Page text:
My fifteen year old daughter, Isabella, is blessed with an awesome voice. Having grown up on American Idol, she dreamed of auditioning. I promised to take her once she turned sixteen and then they changed the rules. Last year she auditioned for X-Factor and made it past the first round. Her confidence boomed, thinking this was her time.
American Idol was looking for talent in our hometown, Chicago. The first step was registration. We arrived at the United Center, home of the Blackhawks and Bulls, at 6am. We waited 2 1/2 hours for audition wristbands and tickets. Two days later we arrived promptly at 5am as cited in the instructions. Those who arrived late were allowed admittance without problems. The parking lot was sectioned off with yellow caution tape, making it look like a police scene. As time wore on, people broke off into groups and did what they do best-sing. The party atmosphere was infectious as young people beamed with hope of becoming a star. I sat back and enjoyed it despite knowing the hope would turn by the day’s end.
In the past, many Idol contestants dressed like weirdoes to get on the show. This year no one within eyesight bothered. The boys especially looked normal. The girls went overboard, easily passing for the streetwalkers who infamously stroll up and down Cicero Avenue in the deep hours of the night. Who knows, maybe that’s where they were headed once the singing thing didn’t work out. Spandex mini-skirts, neon hair, short shorts, bra-tops, corsets, and other kinds of boob shirts were painted on girls and women who were far too heavy to pull off the look. One woman in particular caught my attention. Besides looking like a skank, she brought her three year old daughter, claiming she couldn’t find a sitter. Despite the rules, she caught the attention of the cameras and shared her sob story of the struggles of single motherhood. By the way, her boobs were bigger than Dolly Parton’s and did not look authentic.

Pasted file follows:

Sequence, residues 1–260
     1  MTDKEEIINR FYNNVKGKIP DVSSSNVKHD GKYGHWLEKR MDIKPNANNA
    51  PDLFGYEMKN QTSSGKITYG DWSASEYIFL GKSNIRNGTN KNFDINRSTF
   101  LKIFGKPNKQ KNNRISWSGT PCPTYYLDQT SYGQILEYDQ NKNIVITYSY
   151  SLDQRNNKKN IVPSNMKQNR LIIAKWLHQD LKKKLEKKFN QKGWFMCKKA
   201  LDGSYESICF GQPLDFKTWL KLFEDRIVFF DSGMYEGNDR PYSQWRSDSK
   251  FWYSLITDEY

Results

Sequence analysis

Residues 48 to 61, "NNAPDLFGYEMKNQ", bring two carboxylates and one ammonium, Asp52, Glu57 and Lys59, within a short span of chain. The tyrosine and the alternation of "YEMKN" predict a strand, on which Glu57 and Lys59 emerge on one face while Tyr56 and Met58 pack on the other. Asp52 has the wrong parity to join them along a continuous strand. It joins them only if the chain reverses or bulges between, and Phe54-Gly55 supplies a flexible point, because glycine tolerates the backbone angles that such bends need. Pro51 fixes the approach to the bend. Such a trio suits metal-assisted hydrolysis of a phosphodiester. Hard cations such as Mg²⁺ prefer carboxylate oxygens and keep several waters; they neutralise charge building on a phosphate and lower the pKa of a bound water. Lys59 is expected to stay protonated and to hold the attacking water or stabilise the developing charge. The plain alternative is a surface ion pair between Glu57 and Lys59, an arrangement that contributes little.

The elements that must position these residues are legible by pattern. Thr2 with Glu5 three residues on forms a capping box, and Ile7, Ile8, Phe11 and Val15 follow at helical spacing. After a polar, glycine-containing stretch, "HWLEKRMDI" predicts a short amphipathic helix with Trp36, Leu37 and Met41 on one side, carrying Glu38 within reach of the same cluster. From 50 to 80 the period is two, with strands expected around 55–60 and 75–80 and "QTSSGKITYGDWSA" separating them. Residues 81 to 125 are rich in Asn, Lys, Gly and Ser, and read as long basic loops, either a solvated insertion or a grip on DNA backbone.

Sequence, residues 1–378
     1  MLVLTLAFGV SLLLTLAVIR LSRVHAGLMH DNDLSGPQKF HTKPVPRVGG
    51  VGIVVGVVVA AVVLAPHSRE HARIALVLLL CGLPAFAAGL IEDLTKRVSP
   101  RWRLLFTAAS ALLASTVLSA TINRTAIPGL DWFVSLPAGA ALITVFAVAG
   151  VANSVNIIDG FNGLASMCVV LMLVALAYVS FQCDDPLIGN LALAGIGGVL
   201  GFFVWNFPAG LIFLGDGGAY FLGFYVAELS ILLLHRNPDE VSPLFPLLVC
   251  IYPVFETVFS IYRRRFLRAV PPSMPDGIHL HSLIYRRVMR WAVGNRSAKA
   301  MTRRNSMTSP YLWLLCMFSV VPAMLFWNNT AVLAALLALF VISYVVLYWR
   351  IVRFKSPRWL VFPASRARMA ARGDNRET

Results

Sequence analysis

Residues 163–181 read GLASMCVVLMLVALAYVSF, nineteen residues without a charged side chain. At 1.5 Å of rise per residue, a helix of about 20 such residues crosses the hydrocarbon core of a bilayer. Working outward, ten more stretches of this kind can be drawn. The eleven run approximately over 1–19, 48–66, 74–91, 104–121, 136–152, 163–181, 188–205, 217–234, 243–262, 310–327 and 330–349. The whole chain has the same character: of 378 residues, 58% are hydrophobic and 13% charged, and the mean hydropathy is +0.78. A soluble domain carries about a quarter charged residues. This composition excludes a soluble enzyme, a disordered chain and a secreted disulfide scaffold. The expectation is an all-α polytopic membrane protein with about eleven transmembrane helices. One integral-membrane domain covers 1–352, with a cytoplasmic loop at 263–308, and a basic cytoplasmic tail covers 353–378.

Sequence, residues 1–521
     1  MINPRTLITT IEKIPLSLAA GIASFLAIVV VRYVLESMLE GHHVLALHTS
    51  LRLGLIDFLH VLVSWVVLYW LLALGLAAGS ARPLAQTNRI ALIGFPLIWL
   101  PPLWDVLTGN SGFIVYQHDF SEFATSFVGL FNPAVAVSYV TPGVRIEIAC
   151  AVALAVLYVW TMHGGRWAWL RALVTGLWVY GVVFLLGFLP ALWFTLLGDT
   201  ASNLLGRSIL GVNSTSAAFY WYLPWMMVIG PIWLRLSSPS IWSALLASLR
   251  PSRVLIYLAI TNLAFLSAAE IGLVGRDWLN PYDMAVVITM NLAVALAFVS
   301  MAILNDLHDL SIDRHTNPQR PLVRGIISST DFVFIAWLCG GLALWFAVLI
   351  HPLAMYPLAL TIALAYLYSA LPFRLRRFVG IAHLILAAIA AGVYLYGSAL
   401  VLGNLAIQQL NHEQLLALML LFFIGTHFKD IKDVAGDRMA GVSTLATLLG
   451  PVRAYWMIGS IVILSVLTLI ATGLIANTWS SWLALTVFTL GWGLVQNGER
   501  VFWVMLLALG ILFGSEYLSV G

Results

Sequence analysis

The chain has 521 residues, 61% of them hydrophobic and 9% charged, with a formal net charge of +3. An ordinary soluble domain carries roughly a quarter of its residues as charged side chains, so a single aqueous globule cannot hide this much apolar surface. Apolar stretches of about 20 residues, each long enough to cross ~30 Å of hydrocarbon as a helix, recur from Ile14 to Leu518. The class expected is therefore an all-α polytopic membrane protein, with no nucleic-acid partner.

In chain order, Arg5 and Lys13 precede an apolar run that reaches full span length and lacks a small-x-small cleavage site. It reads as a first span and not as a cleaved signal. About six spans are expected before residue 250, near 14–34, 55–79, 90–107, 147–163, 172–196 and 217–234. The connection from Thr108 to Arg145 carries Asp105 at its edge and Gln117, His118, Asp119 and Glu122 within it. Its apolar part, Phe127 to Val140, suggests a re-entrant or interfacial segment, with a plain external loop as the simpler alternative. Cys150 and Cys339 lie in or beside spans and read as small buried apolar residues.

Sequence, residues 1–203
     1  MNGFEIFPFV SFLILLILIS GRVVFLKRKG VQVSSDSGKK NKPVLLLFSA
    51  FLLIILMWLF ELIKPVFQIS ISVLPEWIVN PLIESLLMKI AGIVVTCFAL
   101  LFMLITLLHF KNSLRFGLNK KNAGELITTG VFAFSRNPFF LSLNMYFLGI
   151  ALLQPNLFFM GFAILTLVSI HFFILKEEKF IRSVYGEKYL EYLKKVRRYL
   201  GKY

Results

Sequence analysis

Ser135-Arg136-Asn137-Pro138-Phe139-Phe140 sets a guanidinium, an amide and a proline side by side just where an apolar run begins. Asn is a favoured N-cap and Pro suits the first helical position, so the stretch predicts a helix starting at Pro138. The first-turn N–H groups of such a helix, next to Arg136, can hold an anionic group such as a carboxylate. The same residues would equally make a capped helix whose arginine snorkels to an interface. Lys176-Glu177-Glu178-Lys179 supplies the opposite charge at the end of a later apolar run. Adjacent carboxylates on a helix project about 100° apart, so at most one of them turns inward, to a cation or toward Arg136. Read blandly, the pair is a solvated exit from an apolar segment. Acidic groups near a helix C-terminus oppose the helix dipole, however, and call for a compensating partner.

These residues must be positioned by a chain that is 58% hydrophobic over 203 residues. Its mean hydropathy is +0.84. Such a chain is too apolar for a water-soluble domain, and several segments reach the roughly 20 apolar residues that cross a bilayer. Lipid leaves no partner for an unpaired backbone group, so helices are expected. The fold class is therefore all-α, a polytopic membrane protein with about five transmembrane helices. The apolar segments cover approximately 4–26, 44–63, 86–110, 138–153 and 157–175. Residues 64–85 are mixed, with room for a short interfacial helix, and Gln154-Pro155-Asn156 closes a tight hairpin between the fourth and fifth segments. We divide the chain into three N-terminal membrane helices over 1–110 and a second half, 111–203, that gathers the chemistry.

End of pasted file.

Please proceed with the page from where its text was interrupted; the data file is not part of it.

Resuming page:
Ryan Seacrest came out to the parking lot and pumped up the crowd. After lots of camera footage of everyone cheering and waving, they finally opened the doors. Starving, we piled into a new line like cattle and gratefully ordered $6.00 hotdogs and $7.00 sodas then took our assigned seat from the ticket stub. Ryan Seacrest took the main floor of the arena and showed an American Idol summary flick of all the past winners. Then Haley Reinhardt, one of the finalists, walked out and said some words of encouragement. More waving, cheering, with flashing our cell phone cameras were added to the footage routine. Showtime. Eleven booths with curtain walls were set up. Voices boomed throughout the arena. Those who made it past the first round held gold pieces of paper for all to see while those who got cut had their wristbands clipped and forced to quickly exit. The first couple of hours many seemed to be making it through, then, as if they had enough people, they began cutting and cutting and cutting, with my daughter being one of them. Like a professional, she took it well. No tears, no regrets, and she’s only fifteen. Very proud mama.
As my daughter stood in the audition line, I was placed in the guardian playpen, awaiting her results. I talked with many other parents. Rumors were flying-no Randy, no J.Lo, and Tyler was iffy? Could it be the end of an empire? It was a great experience even though the ending wasn’t happy.